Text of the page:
These are my days – full of activities but empty
of meaning – a black hole sucking away my life and time
and replacing it with shortened hours of day light
and a desire to forever retreat into my bed and sleep.
I’m searching for something, but what? I have discovered nothing but cold
shoulders and words that linger at the edges of the night.

And when it returns on day’s heels, that night
is filled with silent words, an empty
room and curtained windows that let in a cold
draft – my only visitors. No one else seems to have the time.
How I wish it were easy to fall into bed and sleep
and in dreams linger blissfully until I wake at light.

Because I wouldn’t mind the cold all of the time –
if I had someone else there at night. To sleep
in a warm, not-empty bed; to see reflected in someone’s eyes the morning light.

slice of life

#sol17 By the Book: Take Two

slice of lifeWell, it’s that time of March when I am totally brain-dead, so I’m going to use today to re-do a post I originally wrote last March: a copy of the New York Times “By the Book” questionnaire format. These particular questions come from the March 21 interview with Fran Lebowitz, but (much less clever and erudite) answers are, of course, my own.

What books are on your night stand now?

I just finished reading “Ready Player One” by Ernest Cline yesterday, which I loved! I’m not a video game player, but I found the futuristic world and the action/adventure plot line very compelling, even though it wasn’t the best written thing I’ve read recently. I am also sloooooowly working my way through “Hidden Figures” although I’m finding it quite dense and less narrative than I expected. Finally, I’m re-reading two books I’m currently teaching, “The Things They Carried” by Tim O’Brien and “The Handmaid’s Tale” by Margaret Atwood.

What has your postelection reading looked like?

A lot of dystopia! It’s actually mostly because I am teaching an elective called Dystopia, Sci-Fi, and Fantasy, but I’ve been reading and watching more of that, to be honest.

What’s the last great book you read?

“The Underground Railroad” by Colson Whitehead. My Goodreads review explains: “This is an important book for our current social and political climate, but that’s not the only reason I recommend you rush out and read it. This is also a beautifully crafted book, from Whitehead’s imagery and poetic prose, his characters, the pacing of the plot, even the very structure of the book itself. This is a work of Literature, and it deserves to be read.”

What’s the best classic novel you recently read for the first time?

I don’t know that it’s a “classic” but I read “Bodega Dreams” by Ernesto Quiñonez (which came out in 2000) last summer. It’s a retelling of “The Great Gatsby” set in Spanish Harlem, and I really enjoyed it. Quiñonez borrows liberally from Fitzgerald’s story but definitely made it his own, and I liked how he used a lot of the original language, even, to update the story in meaningful ways.

What’s your favorite book no one else has heard of?

I loved “The Books of Rachel” by Joel Gross when I was in high school. It’s an epic saga of a Jewish family across major times in world history, following the women in the family all named Rachel. As a young Jewish girl in New Hampshire, that book spoke to me.

Whose opinion on books do you most trust?

My friends, most of whom are English teachers or librarians. My students – I love discussing books with them. I like to use Goodreads to see reviews, and I’m in a couple of online book groups. I also tend to peruse the NYT and Amazon “best of” lists in December/January to see what’s popular or well-reviewed.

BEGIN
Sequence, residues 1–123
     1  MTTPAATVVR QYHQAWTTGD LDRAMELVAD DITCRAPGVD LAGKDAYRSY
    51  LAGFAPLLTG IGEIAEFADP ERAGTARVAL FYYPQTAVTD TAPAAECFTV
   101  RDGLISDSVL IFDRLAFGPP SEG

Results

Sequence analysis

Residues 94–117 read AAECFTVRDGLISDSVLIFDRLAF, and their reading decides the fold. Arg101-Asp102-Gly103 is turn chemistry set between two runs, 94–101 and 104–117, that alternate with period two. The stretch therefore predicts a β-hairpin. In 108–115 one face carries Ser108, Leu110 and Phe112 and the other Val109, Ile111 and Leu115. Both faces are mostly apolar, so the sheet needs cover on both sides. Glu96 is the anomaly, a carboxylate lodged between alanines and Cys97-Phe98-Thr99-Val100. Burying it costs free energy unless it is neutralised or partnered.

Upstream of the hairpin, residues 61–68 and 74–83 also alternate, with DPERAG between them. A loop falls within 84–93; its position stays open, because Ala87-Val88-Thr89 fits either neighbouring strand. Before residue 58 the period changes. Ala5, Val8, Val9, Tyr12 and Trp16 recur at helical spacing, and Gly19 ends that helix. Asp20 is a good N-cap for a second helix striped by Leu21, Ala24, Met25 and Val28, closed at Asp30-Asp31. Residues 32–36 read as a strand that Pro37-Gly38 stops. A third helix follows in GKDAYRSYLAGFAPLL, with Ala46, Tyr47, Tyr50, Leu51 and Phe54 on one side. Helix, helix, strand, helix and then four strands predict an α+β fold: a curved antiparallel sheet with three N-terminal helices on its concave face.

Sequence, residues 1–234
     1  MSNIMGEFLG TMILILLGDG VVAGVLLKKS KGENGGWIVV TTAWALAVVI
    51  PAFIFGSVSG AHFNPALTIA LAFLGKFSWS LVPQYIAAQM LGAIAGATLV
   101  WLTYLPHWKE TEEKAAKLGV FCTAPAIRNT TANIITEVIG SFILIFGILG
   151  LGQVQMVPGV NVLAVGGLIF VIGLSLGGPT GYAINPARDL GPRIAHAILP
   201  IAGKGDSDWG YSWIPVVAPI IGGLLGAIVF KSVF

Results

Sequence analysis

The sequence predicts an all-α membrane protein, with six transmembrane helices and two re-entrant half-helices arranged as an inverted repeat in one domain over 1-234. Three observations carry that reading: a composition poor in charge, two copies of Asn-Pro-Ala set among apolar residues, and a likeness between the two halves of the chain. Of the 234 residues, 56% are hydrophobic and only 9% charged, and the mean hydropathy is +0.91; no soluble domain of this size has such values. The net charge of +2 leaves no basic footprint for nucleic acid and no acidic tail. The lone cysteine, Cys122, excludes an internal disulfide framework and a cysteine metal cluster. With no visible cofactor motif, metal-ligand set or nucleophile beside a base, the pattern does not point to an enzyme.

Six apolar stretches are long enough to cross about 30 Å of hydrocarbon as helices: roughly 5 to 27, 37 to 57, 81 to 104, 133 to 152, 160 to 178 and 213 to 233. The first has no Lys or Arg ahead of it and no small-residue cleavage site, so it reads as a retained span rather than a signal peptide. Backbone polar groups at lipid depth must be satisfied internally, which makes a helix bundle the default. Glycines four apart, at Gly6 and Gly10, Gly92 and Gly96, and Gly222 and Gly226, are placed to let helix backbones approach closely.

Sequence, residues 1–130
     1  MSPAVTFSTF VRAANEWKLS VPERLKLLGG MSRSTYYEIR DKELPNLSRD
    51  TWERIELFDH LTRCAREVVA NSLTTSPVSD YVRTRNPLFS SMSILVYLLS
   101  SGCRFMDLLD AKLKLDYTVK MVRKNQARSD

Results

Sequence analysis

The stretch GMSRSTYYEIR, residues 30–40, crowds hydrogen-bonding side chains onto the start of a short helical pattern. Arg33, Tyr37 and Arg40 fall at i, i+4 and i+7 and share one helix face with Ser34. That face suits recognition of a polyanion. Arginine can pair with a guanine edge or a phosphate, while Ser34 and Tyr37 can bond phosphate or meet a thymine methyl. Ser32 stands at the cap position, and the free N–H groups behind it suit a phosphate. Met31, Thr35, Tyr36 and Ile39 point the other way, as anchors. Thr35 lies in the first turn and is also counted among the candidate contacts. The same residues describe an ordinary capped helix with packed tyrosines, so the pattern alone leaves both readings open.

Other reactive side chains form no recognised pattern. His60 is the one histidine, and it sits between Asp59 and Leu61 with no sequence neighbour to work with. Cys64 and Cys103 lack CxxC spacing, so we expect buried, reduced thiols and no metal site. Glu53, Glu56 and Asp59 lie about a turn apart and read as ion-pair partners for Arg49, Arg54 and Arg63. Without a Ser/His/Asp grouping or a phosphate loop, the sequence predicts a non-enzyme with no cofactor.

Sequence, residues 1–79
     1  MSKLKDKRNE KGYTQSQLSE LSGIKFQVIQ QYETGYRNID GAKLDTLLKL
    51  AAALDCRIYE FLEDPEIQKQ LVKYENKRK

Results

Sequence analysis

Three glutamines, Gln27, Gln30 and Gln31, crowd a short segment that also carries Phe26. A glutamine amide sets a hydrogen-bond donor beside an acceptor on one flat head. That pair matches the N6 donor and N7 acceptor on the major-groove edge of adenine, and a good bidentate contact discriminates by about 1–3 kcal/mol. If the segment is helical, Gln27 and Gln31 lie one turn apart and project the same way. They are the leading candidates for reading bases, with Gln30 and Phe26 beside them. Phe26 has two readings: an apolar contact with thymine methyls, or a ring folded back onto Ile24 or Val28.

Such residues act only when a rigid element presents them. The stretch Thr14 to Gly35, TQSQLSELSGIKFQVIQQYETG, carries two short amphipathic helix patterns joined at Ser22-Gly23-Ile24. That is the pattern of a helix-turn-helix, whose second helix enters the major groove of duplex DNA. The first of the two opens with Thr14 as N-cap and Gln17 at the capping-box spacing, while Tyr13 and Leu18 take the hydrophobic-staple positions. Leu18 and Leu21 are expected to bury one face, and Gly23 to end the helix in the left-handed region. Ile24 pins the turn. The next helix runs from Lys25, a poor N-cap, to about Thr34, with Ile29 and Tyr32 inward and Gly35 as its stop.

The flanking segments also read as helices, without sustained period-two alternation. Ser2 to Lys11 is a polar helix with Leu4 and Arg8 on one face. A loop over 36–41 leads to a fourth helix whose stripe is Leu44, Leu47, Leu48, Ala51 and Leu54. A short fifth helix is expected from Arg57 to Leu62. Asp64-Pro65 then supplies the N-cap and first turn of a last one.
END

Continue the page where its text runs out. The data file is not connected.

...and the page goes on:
When do you read?

Every day during school; I’ve got reading time built into my Creative Writing class every day and in my American lit class twice a week, for 15 minutes at a time. Also, at night, when I don’t feel like watching TV or grading/planning, usually a couple of nights a week. A lot on the weekends while my toddler is napping.

Which genres do you especially enjoy reading? And which do you avoid?

I love dystopia (which is why I’m teaching the class!) and light sci-fi/fantasy (not heavy duty epics or high fantasy or very tech-y stuff). I like stories with human substance, things that make me laugh. I’ll read just about every genre, I think, though I avoid straight-up romance (like bodice-rippers), detective novels, military stuff. And I don’t read a ton of nonfiction, though I’m trying to diversify that a bit.

How do you like to read? Paper or electronic? One book at a time or several simultaneously?

Paper! I’ve tried doing ebooks and I don’t love it. I enjoy the feel of paper, the weight of the work. And mostly I read one book at a time but right now with re-reading new books for teaching, I’m juggling.

Disappointing, overrated, just not good: What book did you feel you were supposed to like, and didn’t? Do you remember the last book you put down without finishing?

I stuck through it until the end, but I HATED “The Girls” by Emma Cline. Overwrought, trying too hard, pretentious. It was super-hyped and I did not like it, and it took me forever to slog through (because I was only reading one at a time last summer) and so I wasted four weeks trying to finish it.

What do you plan to read next?

“The Inexplicable Logic of My Life” by Benjamin Alire Sáenz. I loved “Aristotle and Dante Discover the Secrets of the Universe”, plus he spoke at my school earlier this month and he was magic. Everything he said about writing and its place in the world I just wanted to bottle up and save forever.


#sol17 Simple pleasures

slice of lifeThere are so many simple pleasures in life. The smell of warm bread, fresh cut grass, or sweet milky baby skin. The taste of good chocolate, good coffee, warm tea.

One of my favorite pleasures is going to the salon for a haircut – particularly, having someone else wash my hair. I don’t know why, exactly, but I immensely enjoy the sensory experience of tilting my head back into the sink, the pressure of the sprayer, the heat of the water, the spicy smell of the Aveda shampoo, and someone else’s fingers massaging my scalp.

Maybe it’s just about the change in perspective, this familiar experience that is so different from my everyday shower. Maybe it’s about the joy of being pampered, even if it’s only for a few minutes. Maybe it doesn’t matter why; isn’t that the point of simple pleasures, after all?